The return loss, the voltage of the reflected power from the coupler, and the on- and off-state of LEDs are measured and checked to determine the correlation between the reflected power and the state of LEDs at a distance of 10 cm. The power amplifier with a gain of 43 dB is used and its output power is set at 4 W. Fig. 4 shows the correlation of the state of the LEDs and the return loss, including the voltage from the reflected power at every 15° of ϕr at each mode. As shown in Fig. 4, the return loss and the voltage have the same tendency. In other words, a greater reflected power results in a higher voltage as well as the off-state of LEDs. The voltage ranges for the onstate of LEDs at each mode are as follows: Mode 1 → 0.81– 1.27 V, Mode 2 → 1.07–1.45 V, and Mode 3 → 0.99–1.39 V. In combination, the voltage values higher than 1.49 V (Mode 1), 1.60 V (Mode 2), and 1.53 V (Mode 3) mean the off-state of LEDs, respectively. From these results, the criterion voltage can be selected to maintain the on-state of the LEDs in the azimuthal plane as 1.49 V.

Fig. 5 depicts a flow chart of a simple algorithm for optimum mode selection. As stated above, when the voltage of the reflected power is higher than the criterion value of 1.49 V, the process of the optimum mode selection is carried out by choosing the mode that has the lowest voltage value. This algorithm is realized by using the National Instrument (NI) data acquisition (DAQ) board and the MATLAB/Simulink [5] in the alignment-free WPT system, as shown in Fig. 6. The measured voltage of the rectifier is obtained from the analog-todigital convertor (ADC) of the DAQ board and the MATLAB/Simulink compares the attained voltage and the criterion voltage. If a mode change is needed (in the case of a higher voltage than the criterion), the MATLAB/Simulink then acquires the voltages at the other modes and chooses the optimum mode that shows the lowest voltage. By controlling the bias voltage of the digital-to-analog convertor (DAC) of DAQ board, the MATLAB/Simulink sets the optimum switch combination for the selected mode.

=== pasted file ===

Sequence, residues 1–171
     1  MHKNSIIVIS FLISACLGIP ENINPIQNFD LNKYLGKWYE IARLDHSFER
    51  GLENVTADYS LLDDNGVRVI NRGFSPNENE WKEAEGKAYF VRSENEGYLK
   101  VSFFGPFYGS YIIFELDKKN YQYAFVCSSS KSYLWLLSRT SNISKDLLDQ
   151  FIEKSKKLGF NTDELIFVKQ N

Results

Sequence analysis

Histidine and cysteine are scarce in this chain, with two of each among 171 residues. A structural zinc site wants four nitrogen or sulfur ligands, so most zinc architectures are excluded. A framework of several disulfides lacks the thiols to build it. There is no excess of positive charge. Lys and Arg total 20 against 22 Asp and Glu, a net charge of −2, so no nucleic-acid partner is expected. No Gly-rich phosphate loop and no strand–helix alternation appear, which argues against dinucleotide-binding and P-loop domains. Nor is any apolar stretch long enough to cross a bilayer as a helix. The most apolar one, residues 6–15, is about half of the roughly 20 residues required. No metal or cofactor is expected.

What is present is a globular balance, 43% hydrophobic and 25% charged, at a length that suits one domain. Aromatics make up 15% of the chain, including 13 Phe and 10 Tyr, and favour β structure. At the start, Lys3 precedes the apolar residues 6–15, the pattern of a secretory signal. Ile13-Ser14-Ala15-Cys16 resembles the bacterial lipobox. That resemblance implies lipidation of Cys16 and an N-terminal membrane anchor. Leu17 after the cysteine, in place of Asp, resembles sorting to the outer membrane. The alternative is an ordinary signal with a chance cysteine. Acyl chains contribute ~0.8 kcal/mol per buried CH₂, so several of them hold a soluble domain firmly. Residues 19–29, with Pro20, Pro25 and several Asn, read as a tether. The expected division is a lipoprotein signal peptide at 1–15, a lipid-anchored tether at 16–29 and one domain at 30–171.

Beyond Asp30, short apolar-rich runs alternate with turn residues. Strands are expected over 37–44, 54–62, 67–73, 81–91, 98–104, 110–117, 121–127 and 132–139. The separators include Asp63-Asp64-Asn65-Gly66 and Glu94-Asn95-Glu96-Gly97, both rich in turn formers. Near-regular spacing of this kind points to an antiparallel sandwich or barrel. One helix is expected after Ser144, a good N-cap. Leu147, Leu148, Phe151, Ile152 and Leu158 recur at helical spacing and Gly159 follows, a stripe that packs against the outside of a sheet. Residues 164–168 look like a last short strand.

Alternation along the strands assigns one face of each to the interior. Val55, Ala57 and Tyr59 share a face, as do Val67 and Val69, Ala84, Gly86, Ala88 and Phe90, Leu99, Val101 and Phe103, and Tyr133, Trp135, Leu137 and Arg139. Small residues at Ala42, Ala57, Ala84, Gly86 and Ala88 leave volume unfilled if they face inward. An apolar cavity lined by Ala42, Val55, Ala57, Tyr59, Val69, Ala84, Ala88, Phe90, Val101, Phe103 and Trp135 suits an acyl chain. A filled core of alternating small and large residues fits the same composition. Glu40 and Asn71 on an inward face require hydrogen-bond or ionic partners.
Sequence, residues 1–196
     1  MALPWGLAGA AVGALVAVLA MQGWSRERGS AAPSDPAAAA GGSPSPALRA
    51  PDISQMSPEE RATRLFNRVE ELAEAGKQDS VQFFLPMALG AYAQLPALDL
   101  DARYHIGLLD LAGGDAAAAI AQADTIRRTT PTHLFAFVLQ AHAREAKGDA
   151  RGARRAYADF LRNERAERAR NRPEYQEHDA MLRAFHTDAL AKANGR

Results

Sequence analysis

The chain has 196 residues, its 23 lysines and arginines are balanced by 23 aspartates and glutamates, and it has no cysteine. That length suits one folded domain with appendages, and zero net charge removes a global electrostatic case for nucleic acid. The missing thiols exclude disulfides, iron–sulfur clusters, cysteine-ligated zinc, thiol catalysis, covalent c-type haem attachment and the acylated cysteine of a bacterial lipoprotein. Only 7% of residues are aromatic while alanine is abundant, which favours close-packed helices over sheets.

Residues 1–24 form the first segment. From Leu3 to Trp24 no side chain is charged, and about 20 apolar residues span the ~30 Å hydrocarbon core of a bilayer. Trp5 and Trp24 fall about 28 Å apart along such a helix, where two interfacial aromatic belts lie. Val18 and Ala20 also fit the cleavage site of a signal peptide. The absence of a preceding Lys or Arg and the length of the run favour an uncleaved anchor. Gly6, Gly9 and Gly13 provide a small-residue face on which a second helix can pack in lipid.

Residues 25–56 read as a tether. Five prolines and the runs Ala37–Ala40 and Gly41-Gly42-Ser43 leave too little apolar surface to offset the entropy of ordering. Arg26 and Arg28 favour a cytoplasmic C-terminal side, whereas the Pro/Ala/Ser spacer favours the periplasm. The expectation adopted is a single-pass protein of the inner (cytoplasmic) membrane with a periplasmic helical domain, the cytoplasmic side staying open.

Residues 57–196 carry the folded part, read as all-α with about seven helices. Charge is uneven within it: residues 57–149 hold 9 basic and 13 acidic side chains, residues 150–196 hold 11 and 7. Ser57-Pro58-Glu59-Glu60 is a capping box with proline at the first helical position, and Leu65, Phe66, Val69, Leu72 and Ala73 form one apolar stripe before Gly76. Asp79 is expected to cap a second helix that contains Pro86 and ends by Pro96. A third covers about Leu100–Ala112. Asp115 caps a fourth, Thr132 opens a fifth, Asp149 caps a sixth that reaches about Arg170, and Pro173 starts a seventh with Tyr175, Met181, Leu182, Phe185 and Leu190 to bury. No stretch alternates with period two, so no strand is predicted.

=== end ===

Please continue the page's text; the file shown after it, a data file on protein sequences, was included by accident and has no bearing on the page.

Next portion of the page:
The alignment-free WPT is verified by conducting the measurement with the designed system, as shown in Fig. 6. The measurement confirms that the LEDs are turned on in the azimuthal plane except at the angles of ϕr = 60°, 75°, 180°, and 300°. This imperfection is thought be due to the weak coupling between the transmitter and the receiver and would be resolved by applying the larger ones to supply sufficient coupling.

### IV. CONCLUSION

This letter presents an alignment-free WPT system with three reconfigurable modes for magnetic field control. A simple algorithm for choosing the optimum mode is proposed by using the criterion voltage of the reflected power. In addition, a simple system realization is proposed with MATLAB/Simulink and a NI DAQ board for real time control of the mode. As a result, wireless powering to the LEDs is confirmed in the azimuthal plane. The designed alignment-free WPT system is viewed as potentially useful in future 3-D WPT systems.

참고문헌
• 1. Kurs A., Karalis A., Moffatt R., Joannopoulos J. D., Fisher P., Soljacic M. 2007 "Wireless power transfer via strongly coupled magnetic resonances," [Science] Vol.317 P.83-86
• 2. Kim J. H., Park B. C., Lee J. H. 2013 "New analysis method for wireless power transfer system with multiple n resonators," [Journal of Electromagnetic Engineering and Science] Vol.13 P.173-177
• 3. Park B. C., Kim J. H., Lee J. H. 2014 "Mode reconfigurable resonators insensitive to alignment for magnetic resonance wireless power transmission," [IEEE Microwave and Wireless Components Letters] Vol.24 P.59-61
• 4. Duong T. P., Lee J. W. 2011 "Experimental results of highefficiency resonant coupling wireless power transfer using a variable coupling method," [IEEE Microwave and Wireless Components Letters] Vol.21 P.442-444
• 5. Hwang S. H., Son Y. H., Jang B. J. 2014 "Software-based wireless power transfer platform for power control experimentation," [in Proceedings of the IEEE Wireless Power Transfer Conference (WPTC)] P.80-83
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이미지 / 테이블
• [ Fig. 1. ]  Structure of an alignment-free resonator in (a) 3-D view, (b) top view, and (c) its various modes in top view.
• [ Fig. 2. ]  Photograph of (a) alignment-free resonator and (b) circular resonator with light emitting diode (LED).
• [ Fig. 3. ]  Assembled transmitter and receiver.
• [ Fig. 4. ]  Correlations of return loss, voltage of reflected power, and state of light emitting diodes (LEDs) at each mode at 13.69 MHz.
• [ Fig. 5. ]  Flow chart of a simple algorithm for optimum mode selection.